You can try this, though it's by negative implication:http://en.wikipedia.org/wiki/Tracking_(typography)
Tracking is commonly confused with kerning; however, tracking refers to the space between all the letters of a word, while kerning refers to the space between two individual letters. Tracking is measured in points. Positive or “loose” tracking is increased space between letters. Negative or “tight” tracking is decreased space.
In hand-set typography and older mechanized typesetting systems such a linotype, letterspacing is the practice of inserting same-sized spaces after each of the letters in a word: L E T T E R S P A C I N G. The size of the spaces chosen depended on the amount of space the letterspaced words needed to occupy.
Letterspacing is sometimes used on the Internet in an effort to confuse or defeat automated text-search systems or content-control software.
It gives several reasons why letterspacing is used in English, but never mentions using it for emphasis.
This source mentions how it is used in German, but never says it is used in English:http://en.wikipedia.org/wiki/Boldface
In Germany, a different means of emphasis was previously used. To achieve a variance in blackness, instead of making the letters darker, one would increase the spacing between them. This resulted in an effect reverse to boldface: the emphasized text becomes lighter than its environment. This was referred to as sperren in German ("letterspacing" in English), which could here be translated as "spacing out". While sperren normally means "to lock (out)", this particular meaning was figurative: with the older method of typesetting with letters of lead, the spacing would be achieved by inserting additional non-printing slices of metal between the types.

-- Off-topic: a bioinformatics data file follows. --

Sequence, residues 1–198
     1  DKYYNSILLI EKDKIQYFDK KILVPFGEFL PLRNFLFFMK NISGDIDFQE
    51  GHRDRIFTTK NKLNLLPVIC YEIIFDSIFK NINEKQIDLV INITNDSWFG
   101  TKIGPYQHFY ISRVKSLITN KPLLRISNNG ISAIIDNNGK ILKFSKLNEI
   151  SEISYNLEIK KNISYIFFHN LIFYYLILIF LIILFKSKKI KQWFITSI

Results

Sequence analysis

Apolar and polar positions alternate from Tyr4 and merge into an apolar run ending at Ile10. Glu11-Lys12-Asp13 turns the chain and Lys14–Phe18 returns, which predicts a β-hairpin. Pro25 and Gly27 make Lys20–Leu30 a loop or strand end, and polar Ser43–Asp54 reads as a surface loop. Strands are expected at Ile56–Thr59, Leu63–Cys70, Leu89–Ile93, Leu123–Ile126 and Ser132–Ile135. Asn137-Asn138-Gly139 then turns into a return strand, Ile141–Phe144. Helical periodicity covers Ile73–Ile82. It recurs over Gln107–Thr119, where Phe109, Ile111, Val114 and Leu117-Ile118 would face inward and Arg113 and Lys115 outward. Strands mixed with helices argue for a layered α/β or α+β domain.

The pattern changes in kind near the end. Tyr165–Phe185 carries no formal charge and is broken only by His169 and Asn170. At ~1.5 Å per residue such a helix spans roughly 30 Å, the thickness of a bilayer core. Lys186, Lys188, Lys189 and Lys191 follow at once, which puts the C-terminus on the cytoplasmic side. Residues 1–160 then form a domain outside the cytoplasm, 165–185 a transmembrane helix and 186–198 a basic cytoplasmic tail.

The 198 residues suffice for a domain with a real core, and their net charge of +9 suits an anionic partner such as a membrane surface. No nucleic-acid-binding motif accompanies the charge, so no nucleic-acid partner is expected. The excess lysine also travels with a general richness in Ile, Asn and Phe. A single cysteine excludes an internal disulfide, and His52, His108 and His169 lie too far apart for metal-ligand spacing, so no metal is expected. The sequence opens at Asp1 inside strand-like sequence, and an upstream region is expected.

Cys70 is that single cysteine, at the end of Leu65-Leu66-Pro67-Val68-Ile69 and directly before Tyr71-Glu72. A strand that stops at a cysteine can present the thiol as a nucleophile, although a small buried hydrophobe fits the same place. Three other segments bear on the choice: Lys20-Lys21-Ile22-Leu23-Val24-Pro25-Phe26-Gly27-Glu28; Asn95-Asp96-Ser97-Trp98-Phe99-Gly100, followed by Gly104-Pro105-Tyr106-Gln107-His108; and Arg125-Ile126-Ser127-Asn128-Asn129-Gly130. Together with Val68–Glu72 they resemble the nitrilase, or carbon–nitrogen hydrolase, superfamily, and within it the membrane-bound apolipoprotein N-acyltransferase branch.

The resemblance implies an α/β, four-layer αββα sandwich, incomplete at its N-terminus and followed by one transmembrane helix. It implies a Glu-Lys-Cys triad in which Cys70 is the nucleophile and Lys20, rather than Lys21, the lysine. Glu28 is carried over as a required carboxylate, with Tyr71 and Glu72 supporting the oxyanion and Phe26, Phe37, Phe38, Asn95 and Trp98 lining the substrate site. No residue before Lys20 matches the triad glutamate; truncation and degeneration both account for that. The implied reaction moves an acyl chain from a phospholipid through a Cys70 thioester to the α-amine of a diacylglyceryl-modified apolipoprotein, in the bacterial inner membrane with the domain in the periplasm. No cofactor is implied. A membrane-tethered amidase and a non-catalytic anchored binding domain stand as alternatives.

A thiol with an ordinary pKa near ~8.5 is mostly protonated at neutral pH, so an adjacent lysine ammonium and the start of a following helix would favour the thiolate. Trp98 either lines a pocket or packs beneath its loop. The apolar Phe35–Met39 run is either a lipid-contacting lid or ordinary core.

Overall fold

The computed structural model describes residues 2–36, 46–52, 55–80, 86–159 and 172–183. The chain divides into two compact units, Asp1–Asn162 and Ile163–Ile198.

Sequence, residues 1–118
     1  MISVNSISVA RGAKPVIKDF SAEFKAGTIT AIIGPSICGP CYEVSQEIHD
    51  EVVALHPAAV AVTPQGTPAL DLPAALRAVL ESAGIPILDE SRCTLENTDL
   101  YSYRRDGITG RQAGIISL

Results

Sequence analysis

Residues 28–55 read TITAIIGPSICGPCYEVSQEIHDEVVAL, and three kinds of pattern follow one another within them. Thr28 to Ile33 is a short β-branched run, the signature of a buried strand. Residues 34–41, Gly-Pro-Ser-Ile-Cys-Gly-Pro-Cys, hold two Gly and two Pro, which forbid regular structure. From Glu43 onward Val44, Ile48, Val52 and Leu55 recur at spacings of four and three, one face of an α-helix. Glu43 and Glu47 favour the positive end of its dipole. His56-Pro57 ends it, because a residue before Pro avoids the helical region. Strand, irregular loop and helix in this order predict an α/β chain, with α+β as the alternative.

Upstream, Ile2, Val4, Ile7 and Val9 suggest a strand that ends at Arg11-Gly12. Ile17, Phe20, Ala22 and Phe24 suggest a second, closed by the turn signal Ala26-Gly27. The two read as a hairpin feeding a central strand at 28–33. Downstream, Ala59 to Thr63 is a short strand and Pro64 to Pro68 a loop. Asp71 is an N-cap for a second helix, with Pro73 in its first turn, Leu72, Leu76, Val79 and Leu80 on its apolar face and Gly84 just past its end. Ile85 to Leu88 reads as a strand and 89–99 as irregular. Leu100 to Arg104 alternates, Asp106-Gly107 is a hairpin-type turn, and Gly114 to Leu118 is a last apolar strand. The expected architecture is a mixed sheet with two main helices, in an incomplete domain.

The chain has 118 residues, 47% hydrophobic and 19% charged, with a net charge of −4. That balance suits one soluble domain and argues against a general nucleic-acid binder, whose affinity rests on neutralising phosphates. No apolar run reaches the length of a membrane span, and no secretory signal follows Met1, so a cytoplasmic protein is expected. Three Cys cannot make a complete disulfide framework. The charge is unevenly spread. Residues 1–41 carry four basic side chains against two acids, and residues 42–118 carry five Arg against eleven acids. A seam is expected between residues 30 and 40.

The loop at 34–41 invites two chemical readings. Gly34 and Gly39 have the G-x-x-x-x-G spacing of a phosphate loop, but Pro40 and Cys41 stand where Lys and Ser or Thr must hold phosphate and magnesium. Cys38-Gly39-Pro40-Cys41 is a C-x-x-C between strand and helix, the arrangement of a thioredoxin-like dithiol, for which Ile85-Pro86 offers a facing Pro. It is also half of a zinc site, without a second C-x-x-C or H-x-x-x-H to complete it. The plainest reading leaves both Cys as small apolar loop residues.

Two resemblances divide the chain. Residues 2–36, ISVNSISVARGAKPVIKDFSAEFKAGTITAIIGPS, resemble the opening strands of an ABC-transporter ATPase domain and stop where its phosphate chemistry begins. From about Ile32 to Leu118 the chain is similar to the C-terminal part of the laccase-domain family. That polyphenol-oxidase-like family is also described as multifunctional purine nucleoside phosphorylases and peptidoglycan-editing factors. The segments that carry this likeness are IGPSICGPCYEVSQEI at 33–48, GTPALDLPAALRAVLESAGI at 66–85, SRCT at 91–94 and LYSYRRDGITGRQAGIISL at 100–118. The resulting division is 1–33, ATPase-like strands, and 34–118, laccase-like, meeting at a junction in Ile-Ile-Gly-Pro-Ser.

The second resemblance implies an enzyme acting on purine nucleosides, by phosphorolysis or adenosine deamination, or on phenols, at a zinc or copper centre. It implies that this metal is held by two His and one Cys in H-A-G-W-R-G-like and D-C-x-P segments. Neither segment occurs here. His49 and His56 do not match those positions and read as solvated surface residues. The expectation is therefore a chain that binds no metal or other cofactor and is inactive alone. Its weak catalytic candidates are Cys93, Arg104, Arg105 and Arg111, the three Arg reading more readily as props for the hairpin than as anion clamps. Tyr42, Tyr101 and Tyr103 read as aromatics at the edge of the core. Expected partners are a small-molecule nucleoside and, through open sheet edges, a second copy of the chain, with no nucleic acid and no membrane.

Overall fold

The reason for this particular German typographic convention can be seen in the traditional use of blackletter typefaces, for which boldface was not feasible, since the letters were very dark in their standard format. The blackletter typefaces were officially abolished in 1942 by Nazi Germany(see Antiqua-Fraktur dispute), and after that, its use quickly diminished. As a result, the use of spacing as a means of emphasis in printed materials quickly became obsolete. However, spacing is sometimes still used as a means of emphasis in typographic media where only one typeset is available, e.g. in typewritten communication or on text-only computer terminals.